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Excerpt from Oral History Interview with Cornelia Spencer Love, January 26, 1975. Interview G-0032. Southern Oral History Program Collection (#4007) See Entire Interview >>

Ritualized dancing and courting at off-campus balls

Cornelia Spencer Love recalls visiting Chapel Hill, North Carolina, from Cambridge, Massachusetts, in 1909 for dances with university boys. She describes the rituals of the various dances and comments on the Baptist no-dancing policy that ruled at the university in those days.

Citing this Excerpt

Oral History Interview with Cornelia Spencer Love, January 26, 1975. Interview G-0032. Southern Oral History Program Collection (#4007) in the Southern Oral History Program Collection, Southern Historical Collection, Wilson Library, University of North Carolina at Chapel Hill.

Full Text of the Excerpt

Well, I came three or four times, I really couldn't tell you how many. I came twice to Gastonia with my family to visit my Grandpa and Grandma Love and in 1909, I had a wonderful trip to Chapel Hill. My father graduated from the University in '84 and came to his twenty-fifth reunion. Dr. Battle and his wife were still living in the old Battle home, they were good friends of my family. We were not only invited to stay at their house, but Dr. Battle's grandson, Kemp Davis Battle, was in the class of 1909 with Frank Graham and other since very prominent graduates. And he invited me to attend . . . do you want to hear all of this?
I have heard mostly about your grandmother and I know a good deal about Kemp Battle. Is there anything that you want to . . . .
I think that this is historically interesting, because in those days, the commencement balls were very important, they were great social events and here was I, a little Yankee girl, just seventeen, knowing how to dance and loving it and so forth, but not knowing anybody at all, came to Chapel Hill. Kemp Davis, that was what he was called, made up my card. There were five dances in two days. An afternoon, an evening and the next day, a late morning, an afternoon and then a ballroom that lasted until the sun came in the window. He had asked other girls, he took me to one of the five dances. He probably had his special girl, although he wasn't engaged at the time, he didn't marry for some time, and he asked his best friends to take me to the other dances. They made out the cards, they gave me a bunch of ballroom cards with the dances numbered, one, two, three. They started off with a "lead" dance, then a "break" and a "general". For the lead, your partner found you, he knew where to come. So, for the lead, you went out with your partner and had sort of a grand march and then broke up for other dancing. For the break, people could break in on you, it was the only dance that they could, which made it very nice for the boy with his girl, who didn't want to be broken in on all the time. Which is what happened later on and really in a sense broke up the dances. I just watched it happen, but that's another story. Then for the general, you just danced with your partner, but you didn't break. And I just had the time of my life, I enjoyed it thoroughly. The dances were held in the Commons, on the edge of the . . . well, about where Phillips Hall is now. They were just off the campus, because you couldn't have dancing, well, you couldn't have a ballroom right on the campus in those days.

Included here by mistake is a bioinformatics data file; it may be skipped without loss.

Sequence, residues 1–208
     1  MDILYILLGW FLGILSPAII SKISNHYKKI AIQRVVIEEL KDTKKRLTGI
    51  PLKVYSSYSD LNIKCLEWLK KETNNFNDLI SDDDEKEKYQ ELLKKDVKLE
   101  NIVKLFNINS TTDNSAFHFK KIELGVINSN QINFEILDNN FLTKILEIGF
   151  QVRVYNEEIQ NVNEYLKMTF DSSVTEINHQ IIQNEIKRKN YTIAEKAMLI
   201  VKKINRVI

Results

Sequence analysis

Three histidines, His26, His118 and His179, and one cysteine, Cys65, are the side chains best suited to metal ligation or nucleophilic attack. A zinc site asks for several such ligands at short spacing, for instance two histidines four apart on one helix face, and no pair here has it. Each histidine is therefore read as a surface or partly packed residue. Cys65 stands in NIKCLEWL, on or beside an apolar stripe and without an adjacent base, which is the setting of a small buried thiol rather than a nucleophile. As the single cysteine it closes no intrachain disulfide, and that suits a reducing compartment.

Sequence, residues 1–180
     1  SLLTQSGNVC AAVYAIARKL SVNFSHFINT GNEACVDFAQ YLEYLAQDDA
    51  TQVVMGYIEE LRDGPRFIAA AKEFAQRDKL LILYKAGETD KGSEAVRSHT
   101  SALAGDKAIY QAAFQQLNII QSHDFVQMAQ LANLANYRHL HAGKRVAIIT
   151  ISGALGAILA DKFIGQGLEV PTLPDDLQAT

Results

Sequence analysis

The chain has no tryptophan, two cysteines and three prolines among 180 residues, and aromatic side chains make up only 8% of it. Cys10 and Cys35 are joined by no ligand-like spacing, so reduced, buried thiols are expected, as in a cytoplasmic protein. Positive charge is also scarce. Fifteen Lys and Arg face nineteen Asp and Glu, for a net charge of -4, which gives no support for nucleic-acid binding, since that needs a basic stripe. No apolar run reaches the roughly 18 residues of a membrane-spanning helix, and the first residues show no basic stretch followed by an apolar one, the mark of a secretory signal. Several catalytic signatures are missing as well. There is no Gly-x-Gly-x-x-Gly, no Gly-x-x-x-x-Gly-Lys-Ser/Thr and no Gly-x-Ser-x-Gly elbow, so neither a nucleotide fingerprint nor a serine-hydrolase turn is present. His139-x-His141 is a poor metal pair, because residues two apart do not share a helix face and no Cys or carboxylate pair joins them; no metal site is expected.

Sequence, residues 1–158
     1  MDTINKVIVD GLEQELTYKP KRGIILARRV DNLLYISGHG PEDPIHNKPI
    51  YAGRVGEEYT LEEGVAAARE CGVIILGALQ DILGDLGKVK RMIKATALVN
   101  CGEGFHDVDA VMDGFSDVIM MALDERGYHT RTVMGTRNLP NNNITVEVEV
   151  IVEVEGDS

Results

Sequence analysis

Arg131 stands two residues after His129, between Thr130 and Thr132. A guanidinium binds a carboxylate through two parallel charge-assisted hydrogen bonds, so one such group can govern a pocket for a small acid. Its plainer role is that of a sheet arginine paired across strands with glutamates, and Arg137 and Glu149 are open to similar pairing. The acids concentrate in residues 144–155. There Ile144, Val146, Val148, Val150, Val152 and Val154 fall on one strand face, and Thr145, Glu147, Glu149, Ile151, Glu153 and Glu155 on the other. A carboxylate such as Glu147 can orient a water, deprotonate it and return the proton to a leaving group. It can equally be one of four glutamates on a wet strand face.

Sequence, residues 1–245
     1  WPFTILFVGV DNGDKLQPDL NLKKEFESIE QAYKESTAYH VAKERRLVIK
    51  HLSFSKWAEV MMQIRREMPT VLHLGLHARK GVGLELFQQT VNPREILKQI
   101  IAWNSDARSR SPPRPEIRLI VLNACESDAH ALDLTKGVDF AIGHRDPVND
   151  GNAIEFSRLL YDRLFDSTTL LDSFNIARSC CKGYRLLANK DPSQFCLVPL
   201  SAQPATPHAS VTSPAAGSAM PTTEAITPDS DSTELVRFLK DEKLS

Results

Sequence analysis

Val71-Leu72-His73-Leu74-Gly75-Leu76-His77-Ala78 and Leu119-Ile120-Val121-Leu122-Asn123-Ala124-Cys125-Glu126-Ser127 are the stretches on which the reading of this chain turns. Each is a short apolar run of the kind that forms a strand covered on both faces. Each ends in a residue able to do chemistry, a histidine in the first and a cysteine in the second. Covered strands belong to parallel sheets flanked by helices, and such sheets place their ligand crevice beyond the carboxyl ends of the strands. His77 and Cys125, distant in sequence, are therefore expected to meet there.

Oh, was it not allowed?
Listen, my dear, you don't know anything! (laughter) In those days, the Methodists and the Baptists were strong in the land. They totally disapproved of dancing. Girls weren't supposed to do it, and they were always pointing out the wicked University. Particularly in the legislature, when the University was wanting money, and you had to fight against that sort of thing.